Biden administration moves to curtail 'forever chemicals'
The EPA laid the groundwork for new regulations on chemical compounds linked to serious health conditions
In an effort to better protect Americans from toxic compounds called “forever chemicals” for their resistance to dissolution, the Environmental Protection Agency announced a roadmap to new regulations Monday.
“For far too long, families across America – especially those in underserved communities – have suffered from PFAS in their water, their air, or in the land their children play on,” EPA Administrator Michael Regan said in a statement Monday, using the acronym for per- and polyfluoroalkyl substances.
PFAS refers to thousands of toxic chemicals utilized by manufacturing companies to create products like Teflon pans, firefighting foam, waterproof jackets, water-resistant carpets, waterproof mascara and eyeliner, sunscreen and shampoo.
The chemical compounds, which have been used to make commercial products since the 1950s, feature a unique molecular makeup that allows them to persist in both bodies and the environment for decades, resistant to heat, oil, stains, grease and water. PFAS have been detected in drinking water, food and in Americans’ blood streams.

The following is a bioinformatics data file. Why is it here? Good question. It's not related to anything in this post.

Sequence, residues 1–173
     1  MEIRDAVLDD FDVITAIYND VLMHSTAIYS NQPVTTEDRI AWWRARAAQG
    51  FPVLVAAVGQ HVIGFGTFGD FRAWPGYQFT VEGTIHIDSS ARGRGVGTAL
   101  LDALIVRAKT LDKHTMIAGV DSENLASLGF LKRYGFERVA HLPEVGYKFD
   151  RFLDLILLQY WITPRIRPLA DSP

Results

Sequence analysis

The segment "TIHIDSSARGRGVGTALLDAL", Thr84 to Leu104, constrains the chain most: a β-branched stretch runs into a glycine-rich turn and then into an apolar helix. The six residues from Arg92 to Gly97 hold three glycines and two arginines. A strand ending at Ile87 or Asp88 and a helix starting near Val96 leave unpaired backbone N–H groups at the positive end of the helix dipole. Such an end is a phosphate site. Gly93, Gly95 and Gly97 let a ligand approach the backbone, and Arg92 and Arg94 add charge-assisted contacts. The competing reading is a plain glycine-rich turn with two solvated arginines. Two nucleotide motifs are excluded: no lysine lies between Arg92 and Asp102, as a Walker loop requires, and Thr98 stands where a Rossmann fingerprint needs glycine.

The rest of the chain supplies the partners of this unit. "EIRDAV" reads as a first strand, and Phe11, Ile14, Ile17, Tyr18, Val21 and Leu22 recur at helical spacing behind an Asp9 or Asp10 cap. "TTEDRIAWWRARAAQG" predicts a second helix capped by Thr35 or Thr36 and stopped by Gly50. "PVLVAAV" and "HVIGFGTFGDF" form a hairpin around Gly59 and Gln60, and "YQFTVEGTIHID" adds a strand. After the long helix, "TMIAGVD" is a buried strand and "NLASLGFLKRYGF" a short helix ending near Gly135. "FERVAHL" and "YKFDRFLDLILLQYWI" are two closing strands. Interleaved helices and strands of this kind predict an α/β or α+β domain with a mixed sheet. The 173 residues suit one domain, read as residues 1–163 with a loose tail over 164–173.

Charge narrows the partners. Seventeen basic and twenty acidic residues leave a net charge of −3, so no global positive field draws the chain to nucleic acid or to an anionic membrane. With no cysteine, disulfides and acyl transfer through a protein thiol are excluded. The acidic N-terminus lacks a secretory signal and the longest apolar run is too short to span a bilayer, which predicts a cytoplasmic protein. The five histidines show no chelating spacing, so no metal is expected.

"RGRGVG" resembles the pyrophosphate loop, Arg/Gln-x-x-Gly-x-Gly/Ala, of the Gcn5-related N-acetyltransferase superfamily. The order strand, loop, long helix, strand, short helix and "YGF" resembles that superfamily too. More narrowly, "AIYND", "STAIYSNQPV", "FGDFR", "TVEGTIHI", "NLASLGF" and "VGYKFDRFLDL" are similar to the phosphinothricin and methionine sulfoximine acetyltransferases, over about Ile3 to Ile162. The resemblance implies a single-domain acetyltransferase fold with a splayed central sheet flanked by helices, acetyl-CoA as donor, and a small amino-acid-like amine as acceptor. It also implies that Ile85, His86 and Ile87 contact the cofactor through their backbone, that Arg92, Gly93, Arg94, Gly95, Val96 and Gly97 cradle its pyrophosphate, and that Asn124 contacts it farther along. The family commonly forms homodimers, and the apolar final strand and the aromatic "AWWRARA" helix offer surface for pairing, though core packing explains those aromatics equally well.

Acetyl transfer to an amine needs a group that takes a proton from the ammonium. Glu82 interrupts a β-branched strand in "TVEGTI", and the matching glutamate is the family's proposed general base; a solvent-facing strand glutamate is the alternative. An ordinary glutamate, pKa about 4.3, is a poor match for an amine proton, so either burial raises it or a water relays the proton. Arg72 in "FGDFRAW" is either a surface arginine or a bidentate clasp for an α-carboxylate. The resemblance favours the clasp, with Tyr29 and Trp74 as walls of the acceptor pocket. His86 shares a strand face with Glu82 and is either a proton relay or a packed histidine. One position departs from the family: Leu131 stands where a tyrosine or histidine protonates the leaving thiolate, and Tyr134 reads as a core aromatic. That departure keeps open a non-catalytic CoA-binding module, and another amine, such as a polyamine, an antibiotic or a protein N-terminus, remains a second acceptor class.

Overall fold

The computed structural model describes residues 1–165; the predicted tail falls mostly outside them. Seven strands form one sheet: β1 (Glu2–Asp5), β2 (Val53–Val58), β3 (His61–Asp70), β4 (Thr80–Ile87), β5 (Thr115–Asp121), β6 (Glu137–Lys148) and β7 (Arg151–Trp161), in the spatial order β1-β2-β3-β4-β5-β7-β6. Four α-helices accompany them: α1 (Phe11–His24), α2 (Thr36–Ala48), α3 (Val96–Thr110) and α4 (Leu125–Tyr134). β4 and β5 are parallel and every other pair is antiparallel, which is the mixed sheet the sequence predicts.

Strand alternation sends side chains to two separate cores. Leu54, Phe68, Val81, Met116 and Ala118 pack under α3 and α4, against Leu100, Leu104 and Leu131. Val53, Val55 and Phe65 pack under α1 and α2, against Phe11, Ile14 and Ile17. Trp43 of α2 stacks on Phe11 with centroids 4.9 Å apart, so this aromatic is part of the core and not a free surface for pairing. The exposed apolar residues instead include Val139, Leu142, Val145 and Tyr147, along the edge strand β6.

While there are more than 5,000 chemicals that belong to the PFAS subset, the EPA has thus far only administered health advisories on two: PFOS, used in Teflon, and PFOA, formerly an ingredient in 3M Scotchgard fabric protectors.
In 2016, after reviewing several peer-reviewed studies, the agency said that a lifetime of exposure to PFOA and PFOS from drinking water over 70 parts per trillion may result in adverse health effects, including birth defects, cancer and damage to the liver, thyroid and immune system.
The plan introduced Monday “to confront PFAS contamination nationwide” establishes a timeline to set enforceable drinking water limits under the Safe Drinking Water Act “to ensure water is safe to drink in every community” and creates a hazardous substance designation under the federal Superfund law to expand the government’s ability to hold those who release PFAS into the environment financially accountable.
The EPA also said it plans to review past actions taken under the Toxic Substances Control Act relating to PFAS and address insufficient responses.
In addition, the agency will increase data collection and research surrounding PFAS in order to better identify what other actions are needed and conduct a final toxicity assessment for a subset of PFAS called GenX used in nonstick coatings that has been found in drinking water, rainwater and air samples. It will also look into PFAS air pollution.
“This comprehensive, national PFAS strategy will deliver protections to people who are hurting, by advancing bold and concrete actions that address the full lifecycle of these chemicals,” Regan said Monday, adding that his agency is “laser focused on protecting people from pollution and holding polluters accountable.”